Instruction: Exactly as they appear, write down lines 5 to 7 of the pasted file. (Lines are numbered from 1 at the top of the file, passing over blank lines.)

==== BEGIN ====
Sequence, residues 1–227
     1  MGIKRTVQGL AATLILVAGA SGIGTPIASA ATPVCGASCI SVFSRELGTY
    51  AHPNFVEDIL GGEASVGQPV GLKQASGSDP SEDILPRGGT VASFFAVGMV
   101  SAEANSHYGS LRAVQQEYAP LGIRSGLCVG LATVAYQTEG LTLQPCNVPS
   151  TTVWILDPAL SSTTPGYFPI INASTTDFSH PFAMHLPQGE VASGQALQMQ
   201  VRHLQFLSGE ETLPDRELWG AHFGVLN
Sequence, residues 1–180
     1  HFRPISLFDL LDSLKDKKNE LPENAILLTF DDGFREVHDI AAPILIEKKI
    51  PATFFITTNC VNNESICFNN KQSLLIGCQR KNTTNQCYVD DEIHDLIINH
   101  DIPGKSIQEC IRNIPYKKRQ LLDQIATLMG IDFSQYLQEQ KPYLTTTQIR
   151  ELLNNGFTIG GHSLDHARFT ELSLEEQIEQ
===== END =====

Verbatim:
   151  TTVWILDPAL SSTTPGYFPI INASTTDFSH PFAMHLPQGE VASGQALQMQ
   201  VRHLQFLSGE ETLPDRELWG AHFGVLN
Sequence, residues 1–180